SHAFAQNA- The Democratic-led US House of Representatives Speaker said on Sunday her caucus will meet on Tuesday to decide when to transmit two articles of impeachment against President Donald Trump to the Senate for trial.
The fast-moving impeachment of President Donald Trump is set to move to the Senate for trial after the House voted in mid-December to adopt two articles of impeachment: abuse of power and obstruction of Congress.
The vote followed weeks of testimony related to the president’s efforts to press Ukraine for investigations into Democratic rivals and hours of fiery debate over the process.
According to NBC News, House Speaker Nancy Pelosi, D-Calif., said Sunday she had no regrets about holding onto the articles of impeachment against President Donald Trump for weeks and suggested he could face additional articles of impeachment going forward.
“Well, let’s just see what the Senate does,” Pelosi told ABC’s “This Week” when asked if the House could file additional articles against Trump. “The ball will be in their court soon.”
“I think that the American people have been very fair about saying, yes, we do want to see witnesses,” she added. “That wasn’t part of the discussion three weeks ago. It is now.”
In a letter to Democratic lawmakers on Friday, Pelosi said she will consult with them Tuesday to determine the next steps in Trump’s impeachment. Asked Friday if she would submit the articles to the Senate this week, Pelosi told reporters, “We’ll see.”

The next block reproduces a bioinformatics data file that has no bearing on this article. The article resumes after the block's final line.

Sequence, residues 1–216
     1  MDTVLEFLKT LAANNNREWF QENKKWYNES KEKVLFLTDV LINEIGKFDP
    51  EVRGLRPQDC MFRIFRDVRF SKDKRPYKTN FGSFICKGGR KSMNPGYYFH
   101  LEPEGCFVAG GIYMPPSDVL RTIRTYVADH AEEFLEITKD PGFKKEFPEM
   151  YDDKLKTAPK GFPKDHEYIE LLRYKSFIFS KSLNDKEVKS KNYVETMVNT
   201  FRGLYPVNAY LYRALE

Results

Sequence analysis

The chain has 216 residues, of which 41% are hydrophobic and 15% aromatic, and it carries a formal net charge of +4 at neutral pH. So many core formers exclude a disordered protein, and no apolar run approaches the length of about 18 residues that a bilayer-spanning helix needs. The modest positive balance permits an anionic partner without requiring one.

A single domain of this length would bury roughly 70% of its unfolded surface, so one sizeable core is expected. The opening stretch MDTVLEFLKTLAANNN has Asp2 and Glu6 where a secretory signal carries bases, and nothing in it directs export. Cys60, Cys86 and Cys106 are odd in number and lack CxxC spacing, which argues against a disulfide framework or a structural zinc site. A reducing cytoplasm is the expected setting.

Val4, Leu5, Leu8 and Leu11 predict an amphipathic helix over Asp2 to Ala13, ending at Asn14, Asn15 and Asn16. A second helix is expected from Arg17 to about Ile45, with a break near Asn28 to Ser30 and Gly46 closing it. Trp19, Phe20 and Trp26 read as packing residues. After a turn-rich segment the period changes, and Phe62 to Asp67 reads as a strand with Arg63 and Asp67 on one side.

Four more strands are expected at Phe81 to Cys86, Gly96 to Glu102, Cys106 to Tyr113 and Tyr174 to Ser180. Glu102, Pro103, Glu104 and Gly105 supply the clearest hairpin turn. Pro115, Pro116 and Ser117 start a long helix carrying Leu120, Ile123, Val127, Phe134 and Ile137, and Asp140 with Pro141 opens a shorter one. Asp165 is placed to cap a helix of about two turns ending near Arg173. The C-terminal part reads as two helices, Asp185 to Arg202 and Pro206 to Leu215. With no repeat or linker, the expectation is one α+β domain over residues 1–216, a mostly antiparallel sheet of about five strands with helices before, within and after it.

Democrats want former national security adviser John Bolton and other key Trump aides to appear as witnesses and new evidence to be presented. Bolton has said he will appear if served with a subpoena, The Guardian told.
McConnell slammed the door on that idea this week, saying he had enough Republican votes to start the trial without a commitment to hear from additional witnesses, including former Trump national security adviser John Bolton.
Democrats are trying to convince a few moderate Republican senators to allow witnesses. One moderate, Senator Susan Collins of Maine, told reporters in her home state that she and a “fairly small group” of her fellow Republican senators are working to ensure witnesses can be called.
The Senate is expected to acquit Trump before the 2020 presidential election campaign heats up, as no Republicans have voiced support for ousting him, a step that would require a two-thirds majority.
Democrats fear McConnell plans to hold a cursory trial without hearing all the evidence. Adding to their concerns, McConnell has backed a Republican-backed resolution that would clear the way for senators to dismiss the charges before the House submits them, Reuters reported.
President Trump in a tweet on Sunday condemned House Democrats for impeaching him and claimed that he did “NOTHING wrong.”
“Why should I have the stigma of Impeachment attached to my name when I did NOTHING wrong?” he asked, according to the Hill.
Trump is only the third president in U.S. history to be impeached.